Objectives: This study examines the relationship between exposure to incarceration and food insecurity among mothers during pregnancy. Methods: Using data from the Pregnancy Risk Assessment Monitoring System (PRAMS) from 2004 to 2015, logistic regression models were used to assess the association between incarceration of a woman or her partner in the year before birth and the likelihood of experiencing food insecurity. Results: Net of control variables, exposure to incarceration either personally or vicariously through a partner is associated with a 165% increase in the odds of food insecurity (OR 2.65, CI 2.29, 3.08). Attenuation analyses indicate this association partly operates through financial hardship, maternal unemployment, and receiving WIC benefits. Conclusions for Practice: Given the adverse consequences of food insecurity for maternal health and early childhood development, public health and criminal justice practitioners should develop targeted interventions to alleviate the negative repercussions associated with exposure to incarceration among pregnant women.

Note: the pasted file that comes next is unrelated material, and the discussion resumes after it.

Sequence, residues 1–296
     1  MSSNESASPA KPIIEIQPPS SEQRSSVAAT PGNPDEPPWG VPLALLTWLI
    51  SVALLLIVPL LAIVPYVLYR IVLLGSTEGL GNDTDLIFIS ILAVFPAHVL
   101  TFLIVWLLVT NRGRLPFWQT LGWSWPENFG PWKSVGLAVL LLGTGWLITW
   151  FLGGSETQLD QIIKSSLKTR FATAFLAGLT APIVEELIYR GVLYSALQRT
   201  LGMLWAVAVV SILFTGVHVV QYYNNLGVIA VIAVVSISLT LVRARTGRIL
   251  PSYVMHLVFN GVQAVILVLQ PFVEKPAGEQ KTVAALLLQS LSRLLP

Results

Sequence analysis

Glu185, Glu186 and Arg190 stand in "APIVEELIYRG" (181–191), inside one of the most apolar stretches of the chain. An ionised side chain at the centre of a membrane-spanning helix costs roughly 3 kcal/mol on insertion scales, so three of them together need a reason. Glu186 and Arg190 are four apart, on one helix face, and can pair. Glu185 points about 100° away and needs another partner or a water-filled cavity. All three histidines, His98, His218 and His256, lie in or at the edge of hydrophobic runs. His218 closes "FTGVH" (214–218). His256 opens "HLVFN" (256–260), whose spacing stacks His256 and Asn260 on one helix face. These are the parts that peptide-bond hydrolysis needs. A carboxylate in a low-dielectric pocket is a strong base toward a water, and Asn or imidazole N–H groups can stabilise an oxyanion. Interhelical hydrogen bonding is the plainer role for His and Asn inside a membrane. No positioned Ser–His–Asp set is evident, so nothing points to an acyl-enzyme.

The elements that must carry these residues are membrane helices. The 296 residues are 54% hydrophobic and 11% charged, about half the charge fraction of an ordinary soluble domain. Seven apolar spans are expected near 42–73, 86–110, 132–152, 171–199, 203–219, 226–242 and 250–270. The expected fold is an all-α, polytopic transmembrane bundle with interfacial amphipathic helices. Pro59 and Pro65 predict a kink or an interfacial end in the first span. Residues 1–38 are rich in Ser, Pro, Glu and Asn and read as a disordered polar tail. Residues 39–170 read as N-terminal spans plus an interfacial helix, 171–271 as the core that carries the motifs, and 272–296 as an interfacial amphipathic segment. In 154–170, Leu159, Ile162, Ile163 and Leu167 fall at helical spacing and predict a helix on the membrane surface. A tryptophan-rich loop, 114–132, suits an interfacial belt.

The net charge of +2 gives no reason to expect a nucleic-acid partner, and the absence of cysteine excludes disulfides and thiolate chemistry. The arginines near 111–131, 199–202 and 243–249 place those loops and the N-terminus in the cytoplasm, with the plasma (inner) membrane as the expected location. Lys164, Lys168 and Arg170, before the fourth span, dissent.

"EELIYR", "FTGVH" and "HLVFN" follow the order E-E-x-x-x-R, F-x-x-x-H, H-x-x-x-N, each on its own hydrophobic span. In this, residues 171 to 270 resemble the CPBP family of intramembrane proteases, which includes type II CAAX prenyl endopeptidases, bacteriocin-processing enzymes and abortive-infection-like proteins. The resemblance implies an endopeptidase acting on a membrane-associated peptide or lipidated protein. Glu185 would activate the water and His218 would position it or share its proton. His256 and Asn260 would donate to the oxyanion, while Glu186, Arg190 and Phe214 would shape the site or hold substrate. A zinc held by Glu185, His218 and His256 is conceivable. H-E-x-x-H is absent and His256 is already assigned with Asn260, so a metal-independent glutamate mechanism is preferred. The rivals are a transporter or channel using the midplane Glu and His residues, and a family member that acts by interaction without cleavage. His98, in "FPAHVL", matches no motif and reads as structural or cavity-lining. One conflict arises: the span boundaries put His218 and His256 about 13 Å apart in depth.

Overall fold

- Food Insecurity
- Maternal health
ASJC Scopus subject areas
- Pediatrics, Perinatology, and Child Health
- Obstetrics and Gynecology
- Public Health, Environmental and Occupational Health